Student Who Drove Halberstam To Be Charged With Vehicular Manslaughter

By: A graduate student in journalism at the University of California who was behind the wheel when Pulitzer Prize-winning journalist David Halberstam was killed in a car crash will be charged with misdemeanor vehicular manslaughter.

The San Mateo County District Attorney said in a statement that 26-year-old Kevin Jones made an illegal turn into the path of a car that had a green light. That car crashed into the passenger side where Halberstam was sitting.

Jones will be charged next week but the DA did not elaborate on how his investigation concluded Jones was at fault or why criminal charges were warranted.

The 73-year-old Halberstam won the Pulitzer Prize in 1964 for his coverage of the Vietnam War. He wrote 21 nonfiction books, 14 of which were best sellers.

?We decided to file the charges because the conduct that was involved here involved going through a red light,? and not a light turning from yellow to red, Chief Deputy District Attorney Steve Wagstaffe. said. ?He turned into the oncoming traffic, and that's why the (other) car crushed the side of the car with Mr. Halberstam.?

Jones was driving a Toyota Camry through a six-lane intersection marked by a left-turn only signal arrow when an Infiniti Q30 driven by a 61-year-old man broadsided his. Based on eyewitness accounts and a reconstruction of the accident, investigators determined that Jones made the turn without the arrow while in a lane intended for traffic heading straight ? instead of from either of the two left-turn lanes, Wagstaffe said.

The fact that Jones was not in a turn lane was part of the reason the district attorney decided to file a criminal case, Wagstaffe said.

An autopsy showed Halberstam, who was wearing a seat belt, died almost instantly when a broken rib punctured his heart, authorities said.

Halberstam, 73, won the Pulitzer Prize in 1964 for his coverage of the Vietnam War, a subject he revisited in his 1972 best-selling book, ?The Best and the Brightest.? He went on to write 14 other best-sellers, including ?The Breaks of the Game,? ?The Reckoning,? and ?The Powers That Be?

?The Coldest Winter,? an account of a key battle of the Korean War, is to be published posthumously in the fall.

Under California law, drivers can be charged with vehicular manslaughter when a passenger dies if it is determined they committed a moving violation that led to the fatality. It can be charged as a felony if gross negligence ? for example, alcohol, drugs or racing ? were involved.

The misdemeanor charge prosecutors plan to bring against Jones carries a maximum sentence of a year in county jail, a $1,000 fine or both. Prosecutors also could seek to have Jones' driver's license suspended, according to Wagstaffe.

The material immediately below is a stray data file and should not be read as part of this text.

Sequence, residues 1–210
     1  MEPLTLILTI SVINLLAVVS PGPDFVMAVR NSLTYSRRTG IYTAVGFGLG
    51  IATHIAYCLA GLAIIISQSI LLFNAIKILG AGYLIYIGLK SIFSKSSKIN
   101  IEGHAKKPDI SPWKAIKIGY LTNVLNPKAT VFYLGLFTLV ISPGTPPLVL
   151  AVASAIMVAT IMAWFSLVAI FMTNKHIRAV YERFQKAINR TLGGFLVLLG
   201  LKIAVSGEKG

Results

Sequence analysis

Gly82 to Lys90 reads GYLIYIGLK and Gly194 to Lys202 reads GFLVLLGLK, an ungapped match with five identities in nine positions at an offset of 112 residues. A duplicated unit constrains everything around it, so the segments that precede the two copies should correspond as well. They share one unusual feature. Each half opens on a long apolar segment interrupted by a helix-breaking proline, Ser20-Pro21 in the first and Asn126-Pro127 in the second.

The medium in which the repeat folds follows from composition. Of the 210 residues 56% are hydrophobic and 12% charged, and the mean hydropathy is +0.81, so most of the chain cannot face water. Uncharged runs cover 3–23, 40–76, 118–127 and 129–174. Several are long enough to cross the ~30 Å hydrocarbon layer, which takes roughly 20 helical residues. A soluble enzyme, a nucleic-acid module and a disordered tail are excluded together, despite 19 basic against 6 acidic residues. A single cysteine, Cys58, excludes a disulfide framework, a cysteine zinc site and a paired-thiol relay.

Records from the California Department of Motor Vehicles show that Jones had two previous accidents on his record, from March 2005 and March 2006. Neither resulted in a citation.

In 1999, while he was a teenager living in Washington state, Jones was convicted of driving under the influence and paid an $862 fine, court records show.

?His prior driving record did play a factor in our deliberations,? Wagstaffe said.

Jones, who took a leave from absence from school after the crash, did not immediately return a call seeking comment from The Associated Press. Wagstaffe said he would be charged next week.

Jones' defense lawyer, Laurel Headley, said she was not entirely surprised by the DA's decision because she had been following the investigation. She said she would advise Jones to plead not guilty at his July 11 arraignment. By that time, Headley said she does not expect to have seen any of the evidence on which prosecutors' have based the charges.

Halberstam, who lived in New York, recruited Jones to chauffeur him to the Tittle interview through the journalism school alumni association. Following the accident, Jones said in an interview that he had jumped at the chance to spend time with the celebrated writer and was grief-stricken over what happened.

Halberstam was at work on a new book about the legendary 1958 NFL championship game between the Baltimore Colts and the New York Giants, and Jones said the two were talking about football right before the crash.

Headley said Thursday that Jones, who suffered a punctured lung in the accident, ?is still extremely upset? and struggling to come to terms with Halberstam's death.

?It's been an absolutely devastating experience for him,? Headley said. ?He feels a great loss of a mentor of his, and that's a big deal to have to deal with.?

Halberstam's widow, Jean Halberstam, hired a lawyer to explore the possibility of suing whichever driver ultimately was found at fault. She was out of the country on Thursday and not available for comment.


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